Over the last week I participated in the Student Computer Consultant (SCC) training with more than 16 other students at the University of Waterloo. The training was in-depth and amazing; over the course of 5 days we had covered topics ranging from troubleshooting common networking issues, to customer service techniques, and learned about the comprehensive systems that power Waterloo’s extensive network and software.

The training was a totally new experience. Upon arriving at Waterloo, there was an immediate sense of confidence and welcoming in the air. Everyone was very friendly and knowledgeable. The campus is huge: imagine every building on campus was just a single room in high school. And of course, there might be hundreds of rooms and lecture halls in each building. The cool thing was that many buildings were all connected. One could travel through several buildings without ever getting rained on!

We had pizza for dinner that first night and we made our first (of several) introductions. It was then did I realize the diversity. Many had drove from Toronto, but there were others from British Colombia and Quebec (their first time dealing with Collector/Express lanes).

The philosophy

What stuck out to me the most was the seemingly unlimited access to resources and help. Ten feet Ethernet cable too short? Here’s a twenty-five. Re-installing Windows? Would you like Windows 7, 8, or XP? All of these resources are available not because we are in a special position, but because we are here to help hundreds if not thousands of students who will need assistance during move-in week and the rest of the school year.

Not only does it equip us with the right tools and devices to provide the best support we can, it also encourages us to take the extra step when helping out students. We know that Waterloo will look out for us, and this really enables us to do the same with our clients. As long as we have a reasonable idea of how to fix a problem, even a hunch, we should still attempt the solution because one will never know unless they try.

The training

Our role - We received a brief history of our positions. It was once called Residence Computing Consultant (RCC) and consisted of over a hundred RCC’s. That was when computers used modems and dial-up Internet. Students often had trouble connecting online because they mistook phone jacks with Ethernet ports, and vice-versa. RCC’s were required to visit each room to help students set-up their computers. Thus, the requirement of such a large staff. Nowadays students understand more about technology, and with the accessibility of wireless Internet, Waterloo is able to implement a help desk model where students come to us for help.

Technical - The technical part of our training had two main sections. One was using the systems at Waterloo to diagnose and fix problems. Some types of problems include: students who are unable to connect to wired/wireless Internet, or students who are unable to login to online Waterloo student resources (eg. Quest). And then of course we provide software support such as (re)installing OS’s and software, removing viruses, and setting up email clients. Did I mention we loan out Ethernet cables, install disc’s, and lots of other hardware (for free :) ?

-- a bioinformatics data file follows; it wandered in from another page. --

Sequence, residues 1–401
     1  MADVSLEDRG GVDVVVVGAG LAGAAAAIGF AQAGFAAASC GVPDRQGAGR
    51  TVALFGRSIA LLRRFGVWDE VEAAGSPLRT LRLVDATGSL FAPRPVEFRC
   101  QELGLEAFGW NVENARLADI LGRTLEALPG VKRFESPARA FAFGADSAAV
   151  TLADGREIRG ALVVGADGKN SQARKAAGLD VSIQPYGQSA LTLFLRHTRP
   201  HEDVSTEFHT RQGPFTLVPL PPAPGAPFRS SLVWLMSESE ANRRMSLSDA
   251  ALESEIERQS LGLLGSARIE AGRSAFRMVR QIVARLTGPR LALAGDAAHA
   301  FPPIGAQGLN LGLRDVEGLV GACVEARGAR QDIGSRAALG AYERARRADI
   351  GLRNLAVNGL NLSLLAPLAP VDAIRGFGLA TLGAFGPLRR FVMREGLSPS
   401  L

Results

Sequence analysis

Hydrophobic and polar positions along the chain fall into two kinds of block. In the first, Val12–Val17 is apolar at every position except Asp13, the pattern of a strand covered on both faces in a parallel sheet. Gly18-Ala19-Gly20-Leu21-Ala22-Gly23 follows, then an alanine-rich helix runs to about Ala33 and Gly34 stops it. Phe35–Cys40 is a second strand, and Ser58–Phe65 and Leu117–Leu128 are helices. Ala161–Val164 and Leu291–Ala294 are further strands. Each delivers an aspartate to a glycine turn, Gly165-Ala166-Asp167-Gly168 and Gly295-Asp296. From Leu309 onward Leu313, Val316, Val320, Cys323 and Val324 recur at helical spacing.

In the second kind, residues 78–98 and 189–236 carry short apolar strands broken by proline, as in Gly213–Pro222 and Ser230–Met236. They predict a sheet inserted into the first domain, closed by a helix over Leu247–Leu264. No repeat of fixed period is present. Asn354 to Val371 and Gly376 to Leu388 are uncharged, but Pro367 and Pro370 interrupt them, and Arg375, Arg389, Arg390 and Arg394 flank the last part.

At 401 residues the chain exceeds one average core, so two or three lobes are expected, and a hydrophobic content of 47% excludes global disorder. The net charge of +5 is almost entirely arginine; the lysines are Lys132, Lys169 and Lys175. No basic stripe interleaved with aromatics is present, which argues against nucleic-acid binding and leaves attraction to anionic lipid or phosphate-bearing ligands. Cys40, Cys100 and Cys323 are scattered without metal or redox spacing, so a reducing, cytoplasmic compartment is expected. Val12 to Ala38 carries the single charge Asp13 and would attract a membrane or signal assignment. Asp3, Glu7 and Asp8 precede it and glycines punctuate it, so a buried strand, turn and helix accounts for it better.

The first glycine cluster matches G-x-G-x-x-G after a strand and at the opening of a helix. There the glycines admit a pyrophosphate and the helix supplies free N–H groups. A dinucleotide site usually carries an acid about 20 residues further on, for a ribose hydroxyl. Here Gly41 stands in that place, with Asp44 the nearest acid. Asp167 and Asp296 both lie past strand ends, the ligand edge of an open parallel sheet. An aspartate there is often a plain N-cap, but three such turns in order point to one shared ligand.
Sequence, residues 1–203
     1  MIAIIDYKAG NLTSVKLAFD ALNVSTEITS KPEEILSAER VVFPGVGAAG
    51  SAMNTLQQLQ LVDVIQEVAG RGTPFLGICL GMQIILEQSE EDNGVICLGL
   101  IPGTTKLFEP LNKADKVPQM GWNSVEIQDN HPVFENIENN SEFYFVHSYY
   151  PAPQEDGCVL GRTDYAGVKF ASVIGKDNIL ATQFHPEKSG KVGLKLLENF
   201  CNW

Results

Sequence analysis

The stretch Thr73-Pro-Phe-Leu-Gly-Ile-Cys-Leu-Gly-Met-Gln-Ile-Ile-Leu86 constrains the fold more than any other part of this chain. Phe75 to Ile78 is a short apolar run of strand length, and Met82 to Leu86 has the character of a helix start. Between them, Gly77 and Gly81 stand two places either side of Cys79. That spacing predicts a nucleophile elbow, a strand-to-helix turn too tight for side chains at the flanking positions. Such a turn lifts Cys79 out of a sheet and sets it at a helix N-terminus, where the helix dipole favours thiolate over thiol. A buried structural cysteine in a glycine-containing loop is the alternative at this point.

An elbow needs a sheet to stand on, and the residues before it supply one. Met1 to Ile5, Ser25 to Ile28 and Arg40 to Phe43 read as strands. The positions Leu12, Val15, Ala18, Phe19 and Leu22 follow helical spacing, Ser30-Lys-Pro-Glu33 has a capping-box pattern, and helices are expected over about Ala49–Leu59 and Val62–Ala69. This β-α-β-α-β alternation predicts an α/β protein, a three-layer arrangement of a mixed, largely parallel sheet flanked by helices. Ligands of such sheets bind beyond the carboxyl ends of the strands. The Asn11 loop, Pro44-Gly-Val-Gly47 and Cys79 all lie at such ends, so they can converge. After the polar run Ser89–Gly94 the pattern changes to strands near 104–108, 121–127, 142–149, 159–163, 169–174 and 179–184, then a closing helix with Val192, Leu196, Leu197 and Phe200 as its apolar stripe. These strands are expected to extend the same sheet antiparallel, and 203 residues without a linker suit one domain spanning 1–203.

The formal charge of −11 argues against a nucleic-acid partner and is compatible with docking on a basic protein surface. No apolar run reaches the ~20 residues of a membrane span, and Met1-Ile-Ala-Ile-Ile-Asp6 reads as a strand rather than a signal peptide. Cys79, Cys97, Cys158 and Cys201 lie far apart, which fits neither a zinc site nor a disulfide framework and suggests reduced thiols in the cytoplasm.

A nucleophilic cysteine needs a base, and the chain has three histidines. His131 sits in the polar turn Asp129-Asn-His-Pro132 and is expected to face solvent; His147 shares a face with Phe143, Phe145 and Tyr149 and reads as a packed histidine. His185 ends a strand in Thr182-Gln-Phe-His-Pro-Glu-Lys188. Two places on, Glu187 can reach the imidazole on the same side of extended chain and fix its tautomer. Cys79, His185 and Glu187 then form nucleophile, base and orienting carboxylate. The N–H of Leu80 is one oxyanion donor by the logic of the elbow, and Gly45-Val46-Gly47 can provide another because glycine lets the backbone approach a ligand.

Customer service - On our last day of training, we received a special workshop from Waterloo’s Organizational & Human Development (OHD). It was a jammed-packed afternoon where we learned about how to be excellent at customer service. One difficulty of customer service in general is the lack of a standard. People don’t know what to expect because companies may vary in their quality of service. There are companies who do a poor job, while others excel at it. This is why many customers often hesitate when faced with issues. The truth that many companies don’t realize is that customer service is a crucial part of their overall business. Retaining satisfied customers can be easier and more rewarding than attracting new, discontent customers who feel like they are not important enough to have their opinions heard.

This was why there was an emphasis on our customer training. We had several activities that demonstrated how diffuclt it can to provide customer support. One was a card game where we were split up into groups of 5. Each group (unknown to us at first) were given a set of different instructions. The only identical instruction we all received was that we had to remain silent; we were only able to use hand gestures. We would play for 5 minutes and the players who won/lost would move up/down a table. Since each table had their own distinct and contradicting rules, some people were confused. This got worse as people starting moving tables, where there could be up to 5 different sets of rules at the same table by the time the 3rd round starts.


In brief, there are many aspects to our help desk job. The most basic role we have is supporting students and staff (and anyone else) with their technical (or general) problems. We must always be courteous and respectful of our clients’ devices, and provide help to the best of our abilities. Our goal is to make it easier for others to get back to their job in the shortest amount of time possible.

As with everything in life, there will always be the unexpected, and with electronics it is even more prone to unforeseen malfunctions. I know that this job may be a challenging one at times (multitasking between different technical problems). However it is from the experience that one can learn, improve, and develop new skills. I know that I will be able to gain expertise and accumulate wisdom by serving clients and learning from others. Here’s to an engaging and interesting work term!